by Joseph Palazzolo
(Taken from High-Performance Differentials, Axles, and Drivetrains by Joseph Palazzolo)
A rear end or differential rebuild is in your near future if the pinion seal is leaking or the differential is exhibiting excessive gear noise. Often, you hear gear whine or noise that becomes louder with increased vehicle speed, and the common result of over-worn gears or failing bearings. If the differential clunks or consistently thumps when the vehicle is cornering, most likely the rear end will fail soon.
If your differential is exhibiting these symptoms, a disassembly and rebuild needs to be performed.
Every rear end has a differential. There are many types available, but I will concentrate on the most common types, which are the open (or standard) differential and the limited-slip differential.
Every manufacturer has its own unique proprietary name for these limited-slip rear ends, but all differentials essentially function in the same way. I chose the Ford Traction-Lok as an example to rebuild, but keep in mind that it is very similar to the GM Eaton-style differential and others. These are relatively simple mechanical devices that are quite effective when compared to an open differential. If your limited-slip differential is worn out, you will end up laying down one of the most monstrous, single-wheel peels possible.
The first step is to remove the differential from the axle housing. Consider removing the ring gear for the rebuild process. Some differentials can be rebuilt with the gear still attached (depending on gear ratio and manufacturer), but the differential is a bit heavy and bulky, and the ring gear only adds to that. Additionally, the ring gear can partially block the already small differential case windows. Usually the tear-down is much easier than the re-assembly process because in most cases the clutch pack is worn and loose.
The differential pin retention bolt threads into the differential case to hold the pin in place.
Once the differential is removed from the axle and the ring gear is off, the next step is to remove the differential pin bolt and push the differential pin out. The differential pin bolt is the 5/16-inch head bolt with the long shoulder on it that keeps the differential pin from falling out.
Thread locker is applied to the new differential pin bolts. You can use the old bolt, but you need to clean the threads and re-apply thread locker.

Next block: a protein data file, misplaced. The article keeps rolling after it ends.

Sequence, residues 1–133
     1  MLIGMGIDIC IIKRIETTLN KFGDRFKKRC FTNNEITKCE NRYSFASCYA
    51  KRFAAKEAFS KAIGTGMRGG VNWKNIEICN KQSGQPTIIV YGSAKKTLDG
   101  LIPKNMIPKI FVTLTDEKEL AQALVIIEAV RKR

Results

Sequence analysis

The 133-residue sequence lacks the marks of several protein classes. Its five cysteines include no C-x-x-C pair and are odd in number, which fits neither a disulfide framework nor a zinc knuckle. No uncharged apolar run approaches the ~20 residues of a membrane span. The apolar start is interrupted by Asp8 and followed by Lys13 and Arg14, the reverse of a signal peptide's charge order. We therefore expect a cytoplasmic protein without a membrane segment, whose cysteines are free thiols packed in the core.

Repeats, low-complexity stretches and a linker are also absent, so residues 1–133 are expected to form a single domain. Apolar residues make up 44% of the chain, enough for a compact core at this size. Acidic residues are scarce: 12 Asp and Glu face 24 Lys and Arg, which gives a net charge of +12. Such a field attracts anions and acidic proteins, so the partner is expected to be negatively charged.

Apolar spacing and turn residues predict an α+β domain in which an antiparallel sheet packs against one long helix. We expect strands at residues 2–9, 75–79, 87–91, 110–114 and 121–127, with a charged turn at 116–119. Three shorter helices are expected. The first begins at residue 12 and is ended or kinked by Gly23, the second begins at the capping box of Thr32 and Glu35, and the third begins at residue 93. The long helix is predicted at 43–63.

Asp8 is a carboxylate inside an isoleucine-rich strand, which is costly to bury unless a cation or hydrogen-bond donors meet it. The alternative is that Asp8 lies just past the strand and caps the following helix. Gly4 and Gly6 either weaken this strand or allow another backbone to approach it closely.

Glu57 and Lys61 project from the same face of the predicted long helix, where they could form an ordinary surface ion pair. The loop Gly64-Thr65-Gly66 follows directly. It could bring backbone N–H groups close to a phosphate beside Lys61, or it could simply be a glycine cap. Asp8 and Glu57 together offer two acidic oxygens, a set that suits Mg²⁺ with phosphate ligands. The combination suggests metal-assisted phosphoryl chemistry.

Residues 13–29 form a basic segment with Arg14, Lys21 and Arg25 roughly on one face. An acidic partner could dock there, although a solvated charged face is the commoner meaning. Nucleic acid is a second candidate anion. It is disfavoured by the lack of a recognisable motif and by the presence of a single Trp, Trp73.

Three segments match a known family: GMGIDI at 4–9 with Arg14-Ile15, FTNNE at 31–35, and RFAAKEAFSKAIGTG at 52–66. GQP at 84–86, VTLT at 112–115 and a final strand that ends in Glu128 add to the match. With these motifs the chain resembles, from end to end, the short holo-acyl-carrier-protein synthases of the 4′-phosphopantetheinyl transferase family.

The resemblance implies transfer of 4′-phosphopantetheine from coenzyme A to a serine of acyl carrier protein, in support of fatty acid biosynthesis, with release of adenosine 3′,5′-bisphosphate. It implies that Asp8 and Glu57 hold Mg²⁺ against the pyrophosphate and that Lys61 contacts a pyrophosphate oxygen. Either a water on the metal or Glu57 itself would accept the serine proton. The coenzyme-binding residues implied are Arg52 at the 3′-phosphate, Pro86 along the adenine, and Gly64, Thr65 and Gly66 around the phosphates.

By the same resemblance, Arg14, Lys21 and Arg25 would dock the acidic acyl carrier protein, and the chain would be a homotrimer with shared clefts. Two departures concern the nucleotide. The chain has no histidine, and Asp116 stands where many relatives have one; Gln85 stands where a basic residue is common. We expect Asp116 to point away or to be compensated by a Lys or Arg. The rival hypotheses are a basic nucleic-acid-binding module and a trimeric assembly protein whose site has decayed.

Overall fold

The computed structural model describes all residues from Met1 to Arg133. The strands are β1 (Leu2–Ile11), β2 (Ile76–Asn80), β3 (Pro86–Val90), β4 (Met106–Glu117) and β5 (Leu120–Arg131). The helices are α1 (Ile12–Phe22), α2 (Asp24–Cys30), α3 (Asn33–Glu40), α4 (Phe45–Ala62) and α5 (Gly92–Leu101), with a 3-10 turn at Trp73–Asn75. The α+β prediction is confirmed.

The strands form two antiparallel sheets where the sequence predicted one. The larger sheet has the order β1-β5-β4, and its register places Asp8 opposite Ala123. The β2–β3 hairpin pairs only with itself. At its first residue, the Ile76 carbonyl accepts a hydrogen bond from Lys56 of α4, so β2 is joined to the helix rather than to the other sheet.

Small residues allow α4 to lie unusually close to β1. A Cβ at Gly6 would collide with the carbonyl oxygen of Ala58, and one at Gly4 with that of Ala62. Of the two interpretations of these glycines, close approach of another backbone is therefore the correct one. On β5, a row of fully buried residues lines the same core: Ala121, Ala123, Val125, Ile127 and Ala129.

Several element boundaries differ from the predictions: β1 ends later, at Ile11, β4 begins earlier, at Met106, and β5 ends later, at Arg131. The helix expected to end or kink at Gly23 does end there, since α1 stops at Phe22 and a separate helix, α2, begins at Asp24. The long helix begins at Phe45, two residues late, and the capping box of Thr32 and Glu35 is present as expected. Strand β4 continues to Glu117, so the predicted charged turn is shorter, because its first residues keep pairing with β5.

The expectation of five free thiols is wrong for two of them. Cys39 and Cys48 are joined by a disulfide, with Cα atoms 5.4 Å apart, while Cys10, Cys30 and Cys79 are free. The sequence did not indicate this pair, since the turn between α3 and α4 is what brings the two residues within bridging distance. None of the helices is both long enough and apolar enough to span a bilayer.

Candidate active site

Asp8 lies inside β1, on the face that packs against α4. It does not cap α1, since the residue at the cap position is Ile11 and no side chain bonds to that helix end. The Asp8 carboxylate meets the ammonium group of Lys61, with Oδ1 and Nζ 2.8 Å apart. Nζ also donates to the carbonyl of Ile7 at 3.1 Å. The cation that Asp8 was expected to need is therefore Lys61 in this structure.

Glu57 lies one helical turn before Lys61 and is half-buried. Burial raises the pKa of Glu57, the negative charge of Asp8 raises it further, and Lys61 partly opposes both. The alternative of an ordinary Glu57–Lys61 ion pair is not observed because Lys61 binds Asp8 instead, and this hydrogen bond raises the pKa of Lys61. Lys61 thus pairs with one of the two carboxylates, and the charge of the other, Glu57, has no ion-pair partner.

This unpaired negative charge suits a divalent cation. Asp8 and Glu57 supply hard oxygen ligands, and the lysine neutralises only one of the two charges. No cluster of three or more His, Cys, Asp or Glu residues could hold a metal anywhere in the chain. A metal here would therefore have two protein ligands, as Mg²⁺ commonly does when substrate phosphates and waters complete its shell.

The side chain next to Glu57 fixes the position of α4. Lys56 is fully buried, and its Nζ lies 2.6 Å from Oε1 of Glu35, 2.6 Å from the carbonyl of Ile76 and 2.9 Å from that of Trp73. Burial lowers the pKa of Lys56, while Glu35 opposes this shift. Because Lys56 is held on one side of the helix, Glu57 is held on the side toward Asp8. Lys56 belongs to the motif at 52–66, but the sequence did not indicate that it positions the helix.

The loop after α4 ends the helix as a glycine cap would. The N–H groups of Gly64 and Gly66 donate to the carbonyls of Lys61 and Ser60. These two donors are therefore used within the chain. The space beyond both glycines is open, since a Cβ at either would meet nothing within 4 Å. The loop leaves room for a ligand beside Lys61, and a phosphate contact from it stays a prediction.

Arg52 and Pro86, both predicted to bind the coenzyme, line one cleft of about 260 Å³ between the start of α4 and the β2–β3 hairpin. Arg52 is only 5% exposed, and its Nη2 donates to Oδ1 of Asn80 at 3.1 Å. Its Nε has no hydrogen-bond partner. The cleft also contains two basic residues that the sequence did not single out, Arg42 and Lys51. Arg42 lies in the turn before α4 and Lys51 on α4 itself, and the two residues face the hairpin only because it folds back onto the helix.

It is also a good idea to replace the bolt, if possible, or at least re-apply some thread locker before final installation.
Next, remove the preload spring. To make it easy, use a hammer and soft punch or suitable piece of wood to tap the spring out.
Drive out the Ford-style S-spring between the side gears and through the differential window. The spring will pop out the opposite side. As it is under some compression, be sure no one is standing in front of it when it finally releases.
Be careful as you push the last portion of the Ford S-style spring out. It tends to follow the differential side gears’ tooth path and may shoot out of the housing. To minimize the chance of the spring flying out, place a rag over the opposite end of the differential case window.
In order to prevent the spring from shooting across the shop, a rag is placed over the end of the differential case to catch the spring. This sounds like common sense, but many folks forget it and the spring flies across the shop. More importantly, you don’t want to risk injury.
Once the spring has been removed, take note of how much play there is in the gears. Keep in mind that the thickness of the clutch packs and shims controls the position of the side gears. If the clutches are worn, the side gears are allowed to move farther outboard and the gears have more backlash or clearance between the teeth. A typical acceptable backlash range is 0.005 to 0.015 inch.
With the gears in place with the clutch, you can check the backlash with a dial indicator.
Since we are talking about high-performance rear axles, you should shim the pack tighter for your hot rod and driving preference.
Before you remove the internal gears and clutch pack, mark and keep track of the side gears so they can be returned to the same position or purposely swapped if excessive wear is visible. This is not absolutely necessary, but you want to make certain that you keep track of the parts and have plenty of bench space to lay out the parts.
The Revacycle gear is a cut gear as opposed to a net-forged gear. There are serrations from the cutting process on the gear tooth surfaces and there is no webbing on the inside or outside of the gear.